Experts have stressed the need for curbing imports, boosting exports and inflow of remittances to minimize trade deficit and provide relief to Bangladesh's forex reserves.
The Bangladeshi government has said it is contemplating taking loans from the International Monetary Fund as precautionary measures.
DHAKA, Aug. 10 (Xinhua) -- The U.S. dollar reached an all-time high against the Bangladeshi taka on Monday, soaring to 115 taka for the first time in the country's kerb market trading history.
On July 26 this year, the greenback reached 112 taka in the country's open market for the first time. Subsequently, the rate hovered around 106 taka at the kerb market as authorities launched raids on money exchanger houses and the Bangladesh Bank (BB) intensified its monitoring.
However, the fresh hike comes amid mounting economic pressure and speculation that the country is in dire need of foreign loan support.
Increasing imports and a widening trade deficit were also cited as the possible reasons for taka depreciation.
A BB official told Xinhua that the import bill in the last fiscal year 2021-22 increased to over 82 billion U.S. dollars, fueling a persistent increase in the country's trade deficit.
"This is continuously increasing the pressure on the taka," said the official who did not like to be named.
Bangladesh's trade deficit ballooned to a record level of over 33 billion U.S. dollars in the fiscal 2021-22 which ended June 30 on the back of increased imports, showed the latest central bank data.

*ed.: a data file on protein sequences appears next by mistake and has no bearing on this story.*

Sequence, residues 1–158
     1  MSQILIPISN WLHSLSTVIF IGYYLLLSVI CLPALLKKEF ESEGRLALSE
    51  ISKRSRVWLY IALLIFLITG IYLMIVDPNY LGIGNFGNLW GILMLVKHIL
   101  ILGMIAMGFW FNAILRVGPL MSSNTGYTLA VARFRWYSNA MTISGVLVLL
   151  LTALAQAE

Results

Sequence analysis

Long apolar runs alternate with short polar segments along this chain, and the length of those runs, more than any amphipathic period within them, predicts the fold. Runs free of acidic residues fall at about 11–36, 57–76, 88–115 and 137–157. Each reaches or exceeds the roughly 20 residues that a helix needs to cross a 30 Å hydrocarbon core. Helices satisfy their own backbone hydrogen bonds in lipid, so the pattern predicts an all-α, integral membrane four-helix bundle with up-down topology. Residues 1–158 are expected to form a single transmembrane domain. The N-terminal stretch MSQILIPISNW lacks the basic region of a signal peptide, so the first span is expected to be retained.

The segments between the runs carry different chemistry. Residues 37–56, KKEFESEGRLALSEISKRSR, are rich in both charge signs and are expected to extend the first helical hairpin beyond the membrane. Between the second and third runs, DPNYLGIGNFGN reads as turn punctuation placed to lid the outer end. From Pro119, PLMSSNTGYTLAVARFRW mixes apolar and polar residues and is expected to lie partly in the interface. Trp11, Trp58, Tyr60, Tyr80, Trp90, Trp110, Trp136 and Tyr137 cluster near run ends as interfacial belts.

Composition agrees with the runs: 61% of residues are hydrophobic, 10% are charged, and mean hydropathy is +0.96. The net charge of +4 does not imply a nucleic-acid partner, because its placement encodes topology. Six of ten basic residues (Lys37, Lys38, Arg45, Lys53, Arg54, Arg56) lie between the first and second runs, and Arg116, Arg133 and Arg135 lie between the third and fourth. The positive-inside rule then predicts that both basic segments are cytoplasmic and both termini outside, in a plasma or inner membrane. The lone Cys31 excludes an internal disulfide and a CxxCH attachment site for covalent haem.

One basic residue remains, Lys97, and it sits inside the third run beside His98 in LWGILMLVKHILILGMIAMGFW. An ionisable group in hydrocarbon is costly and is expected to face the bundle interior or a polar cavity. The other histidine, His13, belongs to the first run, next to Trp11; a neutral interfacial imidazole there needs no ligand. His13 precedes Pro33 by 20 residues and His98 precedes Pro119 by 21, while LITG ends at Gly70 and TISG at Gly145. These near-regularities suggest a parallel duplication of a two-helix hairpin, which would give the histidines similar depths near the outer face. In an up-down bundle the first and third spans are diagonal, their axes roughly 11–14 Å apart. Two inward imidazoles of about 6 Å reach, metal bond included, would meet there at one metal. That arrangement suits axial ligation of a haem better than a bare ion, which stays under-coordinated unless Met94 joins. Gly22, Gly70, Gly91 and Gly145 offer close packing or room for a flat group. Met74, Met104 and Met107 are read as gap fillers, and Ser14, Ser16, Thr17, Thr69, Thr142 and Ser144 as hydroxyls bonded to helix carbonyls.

According to the central bank data, the country's import payment was 82.50 billion dollars, up 35.95 percent, in the last fiscal year, while earnings from exports stood at 49.25 billion dollars, up 33.45 percent, during the same period.
Experts here in recent months have stressed the need for curbing imports, boosting exports and inflow of remittances to minimize trade deficit and provide relief to the country's forex reserves.
Weighed by higher import bills and the taka's weakness driven by the dollar's broad surge in recent months, Bangladesh's foreign exchange reserves last month fell below 40 billion dollars for the first time in two years.
In its bid to boost the shrinking forex reserves, the BB in recent months has taken various measures to discourage imports and woo more remittances from millions of Bangladeshi people living and working abroad.
The Bangladeshi government last Thursday said it is contemplating over taking loans from the International Monetary Fund (IMF) as precautionary measures.
Ahmad Kaikaus, principal secretary to the Bangladeshi prime minister, said the government did not seek a bailout, rather it is thinking of taking pragmatic steps in advance to address the upcoming or uncertain situation of the country due to the adverse impacts of the continuation of the Russia-Ukraine conflict.
However, the concerned authorities such as the Ministry of Finance and the Economic Relations Division are holding discussions with the World Bank and Asian Development Bank for taking precautionary measures if the war continues or the supply chain is disrupted, he continued.
Replying to a query about whether Bangladesh is taking loans like Sri Lanka and Pakistan, he said the country's statistics indicate that Bangladesh does not need loans as it has sufficient foreign reserves.